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The [Tuesday] Papers

Election Day Notebook:

* Mary Schmich has a "wacky fantasy" that after the election, Rahm and Chuy can work together. Let me tell you something, Mary: That will only happen if Chuy wins. That's the point of his campaign - that he'll work with everybody and give everybody a voice and a seat at the table. Rahm doesn't work with anyone. So if that's what you want, there's only one way to vote.

* The Tribune editorial board posits that Chicago is choosing its "crisis manager" today, and supports the candidate allied with the folks who created the crisis and whom the board vigorously supported for decades. And yes, the board makes the obligatory Detroit reference. I have a feeling that the day after Chicago was incorporated as a city, a politician and an editorial board warned that it would become Detroit if we didn't pay heed. I mean, the scare tactic is just about that old. It's also racist code - like the idea that Chuy Garcia isn't "financially sophisticated" enough to run the city. Richard M. Daley was?

* I still want to know who is on the list of journalists that Rahm's office suggested Columbia Journalism Review talk to about its story on the mayor's relationship with the press. My guess: Greg Hinz, Neil Steinberg, Mark Konkol, Shia Kapos, Michael Sneed, Jay Levine, Bruce Dold, Phil Ponce ... am I missing anybody?

* "Virtually all of Emanuel's public appearances have been held in controlled venues with invited supporters," the Tribune reports. I thought he'd changed ...

The campaign briefly switched that approach after the first round of voting, inviting reporters to watch Emanuel greet voters at the Clark and Lake "L" stop. The mayor was only at it for a few minutes before a woman stopped and began loudly telling him he should be ashamed for closing schools and mental health clinics.

The mayor shook hands for another 10 minutes, ignoring the woman as she continued to challenge him. Soon after, the campaign stopped publicizing his "L" stop visits.


Emanuel's campaign says the mayor frequently wanders shopping aisles to meet voters in what he calls "Wal-Mart walkabouts," "Target town halls" and "Mariano meetings." Aides also say the mayor visits several churches every Sunday and holds scores of other events with voters, but only the occasional picture posted to Emanuel's Twitter account serves as proof.

In the last six weeks, various campaign aides and the mayor himself have rejected more than a dozen requests from the Tribune to accompany Emanuel while he engages in such retail campaigning. Emanuel has opted to tightly control when the public can see him have extended conversations with the very voters he seeks to persuade, and how those voters respond to him.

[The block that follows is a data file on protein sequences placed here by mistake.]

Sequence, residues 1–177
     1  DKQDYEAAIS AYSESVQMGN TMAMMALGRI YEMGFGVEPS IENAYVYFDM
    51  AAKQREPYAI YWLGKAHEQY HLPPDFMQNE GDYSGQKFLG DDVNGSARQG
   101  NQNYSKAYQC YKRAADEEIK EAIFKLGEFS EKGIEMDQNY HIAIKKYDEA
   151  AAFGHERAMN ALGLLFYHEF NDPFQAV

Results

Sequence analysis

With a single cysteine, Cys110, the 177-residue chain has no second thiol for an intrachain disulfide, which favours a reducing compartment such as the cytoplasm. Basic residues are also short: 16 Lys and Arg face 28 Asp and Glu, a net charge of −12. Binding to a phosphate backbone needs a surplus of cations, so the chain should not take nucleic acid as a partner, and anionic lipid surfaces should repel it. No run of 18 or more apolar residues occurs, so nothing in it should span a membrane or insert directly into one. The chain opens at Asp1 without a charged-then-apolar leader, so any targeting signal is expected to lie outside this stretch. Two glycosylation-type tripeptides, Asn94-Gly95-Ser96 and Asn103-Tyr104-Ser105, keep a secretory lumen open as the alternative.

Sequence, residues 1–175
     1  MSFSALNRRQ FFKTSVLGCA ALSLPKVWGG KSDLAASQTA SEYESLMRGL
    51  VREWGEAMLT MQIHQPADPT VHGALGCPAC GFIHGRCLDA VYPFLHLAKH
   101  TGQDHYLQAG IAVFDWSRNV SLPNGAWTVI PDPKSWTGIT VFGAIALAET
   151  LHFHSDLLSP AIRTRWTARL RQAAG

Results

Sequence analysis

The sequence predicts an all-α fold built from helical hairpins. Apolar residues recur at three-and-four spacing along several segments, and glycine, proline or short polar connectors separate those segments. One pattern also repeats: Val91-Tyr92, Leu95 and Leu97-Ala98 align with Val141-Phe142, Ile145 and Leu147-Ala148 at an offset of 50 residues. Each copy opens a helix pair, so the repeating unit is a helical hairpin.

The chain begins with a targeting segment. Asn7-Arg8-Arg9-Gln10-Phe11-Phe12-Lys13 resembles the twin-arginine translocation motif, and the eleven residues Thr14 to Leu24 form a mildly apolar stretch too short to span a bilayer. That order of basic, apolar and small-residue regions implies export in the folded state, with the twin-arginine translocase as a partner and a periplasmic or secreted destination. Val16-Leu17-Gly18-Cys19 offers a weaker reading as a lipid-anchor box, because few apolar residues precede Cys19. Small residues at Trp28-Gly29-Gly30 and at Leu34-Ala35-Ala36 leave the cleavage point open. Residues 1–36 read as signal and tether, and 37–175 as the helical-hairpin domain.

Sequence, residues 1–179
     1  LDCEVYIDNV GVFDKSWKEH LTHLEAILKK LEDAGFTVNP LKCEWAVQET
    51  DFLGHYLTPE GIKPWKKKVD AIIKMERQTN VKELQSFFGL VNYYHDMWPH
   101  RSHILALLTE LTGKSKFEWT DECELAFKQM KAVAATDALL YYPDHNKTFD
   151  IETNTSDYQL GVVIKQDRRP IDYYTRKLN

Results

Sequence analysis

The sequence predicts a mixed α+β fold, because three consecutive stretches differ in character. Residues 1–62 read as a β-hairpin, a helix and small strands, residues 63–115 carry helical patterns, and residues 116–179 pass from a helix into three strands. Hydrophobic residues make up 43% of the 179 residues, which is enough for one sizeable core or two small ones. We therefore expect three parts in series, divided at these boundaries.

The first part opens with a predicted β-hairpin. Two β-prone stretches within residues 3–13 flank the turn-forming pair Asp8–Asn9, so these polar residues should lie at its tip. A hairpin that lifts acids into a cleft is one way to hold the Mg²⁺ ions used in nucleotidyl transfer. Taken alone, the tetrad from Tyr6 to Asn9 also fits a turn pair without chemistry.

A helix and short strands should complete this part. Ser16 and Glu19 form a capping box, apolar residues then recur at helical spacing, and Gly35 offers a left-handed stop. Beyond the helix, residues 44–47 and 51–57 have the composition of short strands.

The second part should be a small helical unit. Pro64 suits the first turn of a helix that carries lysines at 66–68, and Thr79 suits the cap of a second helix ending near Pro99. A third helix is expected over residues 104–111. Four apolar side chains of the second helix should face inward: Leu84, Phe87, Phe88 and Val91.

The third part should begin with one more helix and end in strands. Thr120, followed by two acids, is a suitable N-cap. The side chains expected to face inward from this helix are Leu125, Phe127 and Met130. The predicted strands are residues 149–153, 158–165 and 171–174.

By contrast, Garcia regularly opens such events to reporters and has held far more public events. Asked about that difference recently, an Emanuel aide retorted, "Well, they don't have to worry about Chuy being protested everywhere he goes."

That's kind of drawing the wrong lesson, isn't it?


The mayor didn't have to worry about being protested or booed when he held a debate party last month at Lizzie McNeill's in Streeterville. Dozens of campaign volunteers and elected officials packed the bar, where blue "Rahm for Chicago" signs were plastered to the beer taps and windows.

At one point Emanuel asked the TV crews to turn off their cameras, but they continued to trail him outside the bar. As reporters and photographers tried to follow the mayor back inside, an Emanuel spokesman asked a campaign aide if there was any way to keep them out.

"We can't do that," the staffer responded. "We asked them here."

An absolute desire to not only govern in secret, but campaign in secret too.

* "Rahm Emanuel's re-election depends on whether the mayor can boost turnout along the North Side lakefront, which rewarded him with commanding vote totals four years ago," Crain's reports.

Maybe, but I tend to buy into the idea that the South Side will determine the winner, not the North Side.

"Despite a large lead in the polls over challenger Jesus 'Chuy' Garcia, a Cook County commissioner, several insiders predict a tight race. They say the surveys likely undercount minority voters and don't adequately factor in the intensity of support for Garcia, which increases the chances that his voters will come to the polls on April 7."

True, but even a CTU poll that oversampled Latinos showed Rahm with a 15-point lead. Now, if intensity was the determining factor, Chuy would win in a landslide; the enthusiasm among his supporters is palpable. Not so Rahm. Nobody loves the guy, despite the "Rahm Love" campaign. But I fear there are more voters in Chicago who can't stand Rahm and will still cast a ballot for him than love Chuy deeply.


The Political Odds
The Beachwood Bookmaking Bureau weighs in.

The Beachwood Radio Hour
Re-Electing Rahm.

Songs Of The Runoff
A six-pack of fun.


I Choo-Choo-Choose Chuy.




I'm sure she's deeply concerned about Chicago and has studied all the issues.

Ditto Robert Kraft, and fuck Gibson's and Jerry Reinsdorf.



The Beachwood Tip Line: The polls are open.


Posted on April 7, 2015

MUSIC - Chief Keef Changed The Industry.
TV - Vizio's Best Product Is You.
POLITICS - UIC: Soda Taxes Work.
SPORTS - More McCaskey Malpractice.

BOOKS - All About Poop.


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